“What did I just tell you?” Caleb takes a step toward me. Again, he makes that triangular movement, up, across, up. “Erin. Erin. It’s on you if you get hurt. I’m not sticking around so your parents can hate me even more.”

“They don’t hate you,” I say. They don’t think enough of him for that.

He looks over his shoulder at the house, the yard, the acres that stretch out toward the woods. Beyond the circle where my father has mowed, the grass grows like wheat, hip-height and buckling; farther out, there are pines with skinny trunks, their needles tipped in yellow. Caleb asked me, once, why my parents did not hire someone to mow the field. Asked me, later, why they did not get a smaller place.

“We’ll help them,” he’d said. “I’ll get my brother to put the place on the market, and we can find them somewhere near us. Or even a place over in Prince George’s County if they want.”

“No,” I said. “This place has always been in the family, and it’s theirs, now. Their forty acres and a mule.”

He just looked at me sideways, face still, as if he did not think I had understood him at all.

“Are they even home?” Caleb asks, now.

“They’re home.” I point to the cars at the side of the house. “Why, you want to go say hello?” I look down at him, the crescent of hair he fights to preserve, ringing his baldness. He follows my pointing finger.

“They’ll have seen us pull up.” Chiding, always chiding me.

“So? They won’t mind if we don’t come in right away. They know I like to climb.” I root among the branches, looking for pears. Sawflies have made skeletons of the leaves, and the only pear I find has been hollowed out by wasps. It drops when my fingers brush it, light as a wasps’ nest. I startle back, scraping my elbow against the trunk, catching myself when I nearly tip backward. Bark patters down the trunk. Caleb hisses at me; he steps further into the shadow of the tree.

“You are welcome to go into the house and say hello to my parents without me, Caleb.” I toss him a pockmarked leaf. He bats it away. “You don’t need my permission. My mom asked about you this morning, before we left the house. They’re looking forward to seeing you.”

He snorts. He knows my mother well enough to know she would not ask after him. Only once did my mother ask Will you get married? when I’d moved with Caleb five hours away. I’d said I don’t know.

What is he to you?

I didn’t know that either.

I brace one foot against the trunk in front of me, my other foot against the trunk supporting my back. The bark scratches at my bare soles, which are soft from city living. There are climbing trees in the community where Caleb and I live. I’d climbed one, once, until Caleb joked that I looked like George of the Jungle.

I stretch for handholds among the branches, looking for pears. Surely there are some left. It is not so late in the summer. This tree has never been without them in all the years I have known it. It is always shedding little gifts. My mother and I would fill baskets while the mornings were still cool, picking pears slick with dew out of the grass. I’d once found a long length of rope, weathered and frayed, half sunk into the mud as if it had been there for decades. I tugged on it and it surfaced from the grass like a fishing line, up and up until it began to drag, as if something trapped beneath the porch weighted it down on the other end. I tugged. The rope went taut. Something thumped, colliding with the latticework under the porch. My mother took the rope from me and laid it back down. “Don’t,” she said, and steered me toward the house. I never found the rope again after that.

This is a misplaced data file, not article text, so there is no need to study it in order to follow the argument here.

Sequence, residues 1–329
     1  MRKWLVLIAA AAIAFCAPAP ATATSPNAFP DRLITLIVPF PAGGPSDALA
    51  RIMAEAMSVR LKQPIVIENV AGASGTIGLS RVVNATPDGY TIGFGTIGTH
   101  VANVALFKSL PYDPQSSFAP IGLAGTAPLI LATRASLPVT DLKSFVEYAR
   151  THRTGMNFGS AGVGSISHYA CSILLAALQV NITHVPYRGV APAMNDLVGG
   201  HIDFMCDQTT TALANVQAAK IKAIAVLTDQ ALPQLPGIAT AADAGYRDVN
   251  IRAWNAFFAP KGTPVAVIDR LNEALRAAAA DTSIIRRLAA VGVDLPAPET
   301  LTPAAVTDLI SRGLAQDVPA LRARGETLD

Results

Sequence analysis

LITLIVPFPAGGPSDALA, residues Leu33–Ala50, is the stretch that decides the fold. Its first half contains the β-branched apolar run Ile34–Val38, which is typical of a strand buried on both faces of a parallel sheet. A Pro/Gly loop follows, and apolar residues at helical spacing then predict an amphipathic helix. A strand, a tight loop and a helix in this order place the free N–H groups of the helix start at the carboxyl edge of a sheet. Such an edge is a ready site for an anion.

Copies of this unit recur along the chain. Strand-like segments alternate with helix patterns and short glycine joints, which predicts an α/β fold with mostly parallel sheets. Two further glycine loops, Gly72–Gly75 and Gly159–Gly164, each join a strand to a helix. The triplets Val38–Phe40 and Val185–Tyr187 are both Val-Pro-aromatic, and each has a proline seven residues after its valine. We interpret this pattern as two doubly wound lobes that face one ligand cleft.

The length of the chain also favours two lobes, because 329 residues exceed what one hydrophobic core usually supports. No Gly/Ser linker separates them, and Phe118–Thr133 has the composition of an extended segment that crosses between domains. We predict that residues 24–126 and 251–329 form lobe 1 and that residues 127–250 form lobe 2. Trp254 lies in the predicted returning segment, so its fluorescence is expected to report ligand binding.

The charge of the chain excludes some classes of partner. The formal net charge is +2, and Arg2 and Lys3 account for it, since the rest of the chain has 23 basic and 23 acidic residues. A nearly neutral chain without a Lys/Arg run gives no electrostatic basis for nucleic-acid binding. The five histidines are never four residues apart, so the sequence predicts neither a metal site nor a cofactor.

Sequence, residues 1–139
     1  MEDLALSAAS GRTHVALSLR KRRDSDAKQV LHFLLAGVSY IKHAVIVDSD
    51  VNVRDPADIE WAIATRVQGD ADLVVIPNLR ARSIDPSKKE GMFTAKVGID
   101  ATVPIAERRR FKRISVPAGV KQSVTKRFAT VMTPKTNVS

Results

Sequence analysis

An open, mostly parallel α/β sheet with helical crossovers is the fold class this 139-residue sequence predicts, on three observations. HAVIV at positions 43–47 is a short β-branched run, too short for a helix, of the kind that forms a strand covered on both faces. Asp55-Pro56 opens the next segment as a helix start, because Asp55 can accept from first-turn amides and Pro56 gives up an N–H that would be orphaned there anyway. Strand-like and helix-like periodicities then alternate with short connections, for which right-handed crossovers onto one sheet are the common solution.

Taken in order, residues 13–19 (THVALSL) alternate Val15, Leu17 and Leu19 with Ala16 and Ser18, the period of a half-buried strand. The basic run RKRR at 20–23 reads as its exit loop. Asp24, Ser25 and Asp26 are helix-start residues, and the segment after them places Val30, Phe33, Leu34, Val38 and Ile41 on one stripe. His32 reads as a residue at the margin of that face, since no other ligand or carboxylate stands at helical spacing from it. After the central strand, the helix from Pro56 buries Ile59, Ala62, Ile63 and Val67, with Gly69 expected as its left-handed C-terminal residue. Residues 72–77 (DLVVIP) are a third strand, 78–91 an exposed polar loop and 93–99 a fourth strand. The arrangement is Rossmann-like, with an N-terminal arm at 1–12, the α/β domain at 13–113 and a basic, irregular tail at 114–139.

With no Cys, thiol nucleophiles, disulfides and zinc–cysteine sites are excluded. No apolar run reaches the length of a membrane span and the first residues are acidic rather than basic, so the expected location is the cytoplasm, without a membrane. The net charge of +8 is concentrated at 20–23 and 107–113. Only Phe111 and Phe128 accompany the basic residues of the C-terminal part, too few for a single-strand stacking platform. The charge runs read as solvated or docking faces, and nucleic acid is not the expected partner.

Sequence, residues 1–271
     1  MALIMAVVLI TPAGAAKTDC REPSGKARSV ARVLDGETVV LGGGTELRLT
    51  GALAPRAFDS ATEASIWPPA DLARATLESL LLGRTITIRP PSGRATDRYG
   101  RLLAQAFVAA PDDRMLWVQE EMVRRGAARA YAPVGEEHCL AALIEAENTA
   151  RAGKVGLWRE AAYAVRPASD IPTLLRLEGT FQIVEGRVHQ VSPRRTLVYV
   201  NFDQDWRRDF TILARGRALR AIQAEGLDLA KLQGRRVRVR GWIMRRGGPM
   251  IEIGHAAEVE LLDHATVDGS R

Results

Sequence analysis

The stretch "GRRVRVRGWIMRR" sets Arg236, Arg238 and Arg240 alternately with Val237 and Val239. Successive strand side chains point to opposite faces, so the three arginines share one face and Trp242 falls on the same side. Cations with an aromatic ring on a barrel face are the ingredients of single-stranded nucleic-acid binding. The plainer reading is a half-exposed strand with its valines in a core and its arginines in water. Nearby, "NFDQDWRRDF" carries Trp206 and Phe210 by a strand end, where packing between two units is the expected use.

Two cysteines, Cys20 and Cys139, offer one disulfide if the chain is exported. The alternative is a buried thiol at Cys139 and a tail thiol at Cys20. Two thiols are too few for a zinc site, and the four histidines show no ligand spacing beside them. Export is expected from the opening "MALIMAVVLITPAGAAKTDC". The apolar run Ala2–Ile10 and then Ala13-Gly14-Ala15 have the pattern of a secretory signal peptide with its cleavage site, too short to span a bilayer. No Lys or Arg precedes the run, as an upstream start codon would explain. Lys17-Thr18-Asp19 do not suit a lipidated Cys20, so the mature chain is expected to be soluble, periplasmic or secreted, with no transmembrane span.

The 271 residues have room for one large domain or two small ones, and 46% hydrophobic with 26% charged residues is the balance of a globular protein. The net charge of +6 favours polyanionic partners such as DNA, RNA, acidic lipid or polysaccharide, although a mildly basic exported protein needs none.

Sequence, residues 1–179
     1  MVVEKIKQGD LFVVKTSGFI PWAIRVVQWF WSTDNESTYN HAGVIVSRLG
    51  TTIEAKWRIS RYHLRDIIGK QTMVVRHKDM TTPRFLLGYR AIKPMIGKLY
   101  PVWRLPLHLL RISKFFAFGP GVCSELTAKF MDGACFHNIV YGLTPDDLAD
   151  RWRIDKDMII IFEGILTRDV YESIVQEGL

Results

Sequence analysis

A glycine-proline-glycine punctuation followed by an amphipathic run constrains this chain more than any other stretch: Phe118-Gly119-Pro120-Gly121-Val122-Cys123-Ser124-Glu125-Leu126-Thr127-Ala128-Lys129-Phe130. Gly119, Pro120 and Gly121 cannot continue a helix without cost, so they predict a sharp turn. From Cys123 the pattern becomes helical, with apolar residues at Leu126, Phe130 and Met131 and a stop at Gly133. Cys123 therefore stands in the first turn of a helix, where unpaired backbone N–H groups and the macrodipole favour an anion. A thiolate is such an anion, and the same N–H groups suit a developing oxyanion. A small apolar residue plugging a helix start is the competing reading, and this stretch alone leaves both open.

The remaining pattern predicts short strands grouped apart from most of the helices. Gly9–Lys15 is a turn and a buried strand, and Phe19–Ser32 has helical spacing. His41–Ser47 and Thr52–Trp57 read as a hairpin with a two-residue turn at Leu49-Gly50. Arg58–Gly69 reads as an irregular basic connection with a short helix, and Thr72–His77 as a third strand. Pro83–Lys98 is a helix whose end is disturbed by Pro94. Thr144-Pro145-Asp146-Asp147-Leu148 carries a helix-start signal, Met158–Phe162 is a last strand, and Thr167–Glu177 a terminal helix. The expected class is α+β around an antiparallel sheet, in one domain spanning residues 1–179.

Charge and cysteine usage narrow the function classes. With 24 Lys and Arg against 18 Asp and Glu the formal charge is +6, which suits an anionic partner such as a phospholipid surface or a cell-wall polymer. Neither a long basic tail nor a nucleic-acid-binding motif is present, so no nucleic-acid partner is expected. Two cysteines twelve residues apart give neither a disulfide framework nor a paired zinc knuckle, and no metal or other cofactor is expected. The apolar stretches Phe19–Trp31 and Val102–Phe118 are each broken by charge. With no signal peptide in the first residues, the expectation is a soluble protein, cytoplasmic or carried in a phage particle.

I wrap my arms around the trunk and peer up. Rain speckles my face, a drizzle catching on the leaves, drops rolling into each other until they drip into my hair. The rain has made my twist out fluffy and big; I feel what is left of my curls snagging in the branches. I’d made the mistake of unbraiding my hair and wearing it in a twist out last night to a dinner party with Caleb’s friends. Someone had asked me if all that hair was mine, how I kept it clean. They’d all stared, interested. Caleb had looked with them, head cocked, half smiling, as if he too did not know, could not imagine. And through it all he’d played with the hem of my skirt beneath the dinner table, ran his hands between my legs. He’d thrilled me once, handling me so. But it gets old. So old.

There. A yard or two above me, a single, full-figured pear dangles, so ripe its green skin is yellowing. I crane my neck to examine it. It does not look wasp-eaten.

“We should go in.” Caleb has given in, and stands against the tree, hands splayed against the trunk, looking up at me. My feet knock water onto him; spots of it darken his blue plaid shirt at the shoulders. My mother will remember that shirt from the last time he visited. She will ask me if it is his only good one.